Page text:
Jon thinks he’s on to something. And I agree. He’s setting out to build a franchise platform for other entrepreneurs to build cooperative food delivery services in other markets. He’s expecting three markets to come online in the coming months — Flagstaff, AZ, Omaha, NE, and Atlanta, GA. He also believes there is zero chance that UberEats, DoorDash, Postmates, and their ilk will survive over the long haul. Their operations just extract money from local markets and, as Jon said, “Most restaurant owners can’t sleep at night with DoorDash and UberEats in their lives.”

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How Postmates Will Help Uber Eats Turn Profitable

[Updated 7/8/2020] Uber Confirms Postmates Deal. How Will It Drive Profitability?

On Monday, Uber confirmed that it will be acquiring food delivery service Postmates for approximately $2.65 billion in an all-stock transaction, as it looks for a path to profitability for the Uber Eats business that remains significantly loss-making, despite witnessing strong demand through the Covid-19 pandemic. [1] So how exactly does Postmates help Uber’s cause? We spell out a couple of reasons below.

For a deep dive on the numbers for the Uber Eats business, view our dashboard analysis How Uber Eats Is Helping Uber’s Stock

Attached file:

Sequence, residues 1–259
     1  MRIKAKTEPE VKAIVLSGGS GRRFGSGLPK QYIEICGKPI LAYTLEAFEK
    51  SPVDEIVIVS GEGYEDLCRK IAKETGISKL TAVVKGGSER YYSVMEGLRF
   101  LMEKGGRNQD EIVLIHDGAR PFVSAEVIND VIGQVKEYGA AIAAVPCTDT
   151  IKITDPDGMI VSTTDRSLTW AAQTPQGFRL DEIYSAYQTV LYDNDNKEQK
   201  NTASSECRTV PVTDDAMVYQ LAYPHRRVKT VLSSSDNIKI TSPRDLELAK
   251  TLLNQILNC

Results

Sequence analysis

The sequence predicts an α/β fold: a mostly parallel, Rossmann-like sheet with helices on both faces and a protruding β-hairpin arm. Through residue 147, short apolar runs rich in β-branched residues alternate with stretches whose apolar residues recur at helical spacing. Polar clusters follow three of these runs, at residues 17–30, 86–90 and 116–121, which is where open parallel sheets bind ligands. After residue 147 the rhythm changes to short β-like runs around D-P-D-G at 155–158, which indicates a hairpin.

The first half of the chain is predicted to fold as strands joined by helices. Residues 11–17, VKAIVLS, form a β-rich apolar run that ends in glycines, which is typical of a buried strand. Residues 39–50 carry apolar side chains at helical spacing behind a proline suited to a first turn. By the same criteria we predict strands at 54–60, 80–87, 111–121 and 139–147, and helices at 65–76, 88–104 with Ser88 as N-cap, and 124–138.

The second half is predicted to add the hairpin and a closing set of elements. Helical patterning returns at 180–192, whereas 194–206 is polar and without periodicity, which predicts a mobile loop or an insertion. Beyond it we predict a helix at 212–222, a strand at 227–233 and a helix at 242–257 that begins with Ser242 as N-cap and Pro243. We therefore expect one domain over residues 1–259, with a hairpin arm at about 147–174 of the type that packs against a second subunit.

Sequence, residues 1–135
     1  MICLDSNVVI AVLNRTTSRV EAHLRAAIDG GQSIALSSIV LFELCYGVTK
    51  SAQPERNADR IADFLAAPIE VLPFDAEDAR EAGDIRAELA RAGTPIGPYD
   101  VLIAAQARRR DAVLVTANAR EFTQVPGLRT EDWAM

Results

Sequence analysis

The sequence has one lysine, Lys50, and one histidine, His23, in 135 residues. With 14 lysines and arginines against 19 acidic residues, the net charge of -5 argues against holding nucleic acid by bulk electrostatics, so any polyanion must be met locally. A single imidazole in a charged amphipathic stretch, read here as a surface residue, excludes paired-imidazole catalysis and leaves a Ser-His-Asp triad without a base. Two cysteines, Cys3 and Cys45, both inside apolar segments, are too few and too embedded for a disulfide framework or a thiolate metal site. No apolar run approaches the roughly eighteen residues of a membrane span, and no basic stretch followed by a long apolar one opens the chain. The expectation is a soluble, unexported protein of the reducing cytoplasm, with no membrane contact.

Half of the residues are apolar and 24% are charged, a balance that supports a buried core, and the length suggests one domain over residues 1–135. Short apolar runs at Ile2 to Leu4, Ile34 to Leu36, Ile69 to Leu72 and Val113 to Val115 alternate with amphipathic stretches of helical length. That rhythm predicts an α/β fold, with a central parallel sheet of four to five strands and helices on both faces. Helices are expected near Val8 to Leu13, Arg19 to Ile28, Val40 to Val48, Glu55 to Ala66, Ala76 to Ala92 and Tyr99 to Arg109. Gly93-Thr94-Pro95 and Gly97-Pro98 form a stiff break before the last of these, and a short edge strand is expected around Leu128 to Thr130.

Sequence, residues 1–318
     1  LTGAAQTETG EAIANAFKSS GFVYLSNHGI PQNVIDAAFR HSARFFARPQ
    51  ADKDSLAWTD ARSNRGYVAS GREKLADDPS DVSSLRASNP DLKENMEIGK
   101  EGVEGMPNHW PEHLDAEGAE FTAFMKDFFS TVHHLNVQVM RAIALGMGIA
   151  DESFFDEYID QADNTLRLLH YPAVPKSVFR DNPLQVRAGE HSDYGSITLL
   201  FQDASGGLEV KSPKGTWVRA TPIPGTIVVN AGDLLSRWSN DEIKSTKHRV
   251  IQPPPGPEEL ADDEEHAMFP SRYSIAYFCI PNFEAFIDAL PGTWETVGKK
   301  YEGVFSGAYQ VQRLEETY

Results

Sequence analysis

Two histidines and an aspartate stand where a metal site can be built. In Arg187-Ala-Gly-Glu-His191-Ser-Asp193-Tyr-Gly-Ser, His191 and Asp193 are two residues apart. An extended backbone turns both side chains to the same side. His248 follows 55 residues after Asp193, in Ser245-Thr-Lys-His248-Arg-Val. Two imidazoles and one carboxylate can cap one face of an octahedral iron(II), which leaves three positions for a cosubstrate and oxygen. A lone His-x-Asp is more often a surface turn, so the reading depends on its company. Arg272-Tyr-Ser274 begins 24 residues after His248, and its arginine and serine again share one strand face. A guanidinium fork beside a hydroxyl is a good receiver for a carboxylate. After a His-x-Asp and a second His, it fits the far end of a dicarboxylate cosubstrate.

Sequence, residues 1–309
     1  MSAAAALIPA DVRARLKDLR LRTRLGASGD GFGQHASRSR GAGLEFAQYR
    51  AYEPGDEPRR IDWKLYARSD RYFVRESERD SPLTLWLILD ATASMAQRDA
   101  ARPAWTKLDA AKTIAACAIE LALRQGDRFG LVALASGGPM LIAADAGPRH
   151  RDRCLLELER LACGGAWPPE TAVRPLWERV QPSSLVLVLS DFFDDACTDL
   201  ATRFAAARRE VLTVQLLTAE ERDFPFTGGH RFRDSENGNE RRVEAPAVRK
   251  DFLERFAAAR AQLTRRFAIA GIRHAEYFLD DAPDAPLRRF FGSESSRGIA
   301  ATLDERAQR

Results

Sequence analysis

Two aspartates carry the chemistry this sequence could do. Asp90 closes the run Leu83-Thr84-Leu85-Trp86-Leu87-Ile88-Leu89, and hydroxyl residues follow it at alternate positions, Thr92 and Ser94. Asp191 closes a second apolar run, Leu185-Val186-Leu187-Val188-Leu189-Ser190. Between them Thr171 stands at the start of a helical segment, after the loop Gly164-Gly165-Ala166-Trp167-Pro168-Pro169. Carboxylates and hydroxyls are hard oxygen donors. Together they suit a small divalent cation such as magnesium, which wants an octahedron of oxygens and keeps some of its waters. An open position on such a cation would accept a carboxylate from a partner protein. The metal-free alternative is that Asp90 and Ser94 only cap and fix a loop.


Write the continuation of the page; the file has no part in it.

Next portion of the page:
As delivery apps offer similar services, with limited product differentiation, this has translated into significant competition and low fees. However, by buying-out Postmates, Uber Eats will effectively eliminate a competitor and become the second-largest delivery service in the U.S. behind DoorDash. This could potentially make pricing in the food delivery market a little more rational, helping Uber’s revenues and margins.Most Popular In: Markets

While Uber intends to continue operating the Postmates brand and app, there should be cost savings as the company could cut down on duplicate technology-related spending, while reducing backend and administrative costs. For example, Postmates could see efficiency gains by using Uber’s routing technology. Uber said that it should see about $200 million in cost synergies within about two years.

The deal should also bring about some revenue synergies. Uber could expand its geographic reach, given that Postmates is particularly strong in U.S. geographies such as Los Angeles and the Southwest. Postmates’ relationships with more small and medium-sized restaurants, including local favorites, could also help Uber expand its addressable market.

Interested in investing in the ride-sharing space? We think Lyft might offer a higher upside compared to Uber, as we detain in our analysis Is Uber Expensive Or Cheap vs. Lyft?

[Updated 7/1/2020] Is Uber Buying Postmates?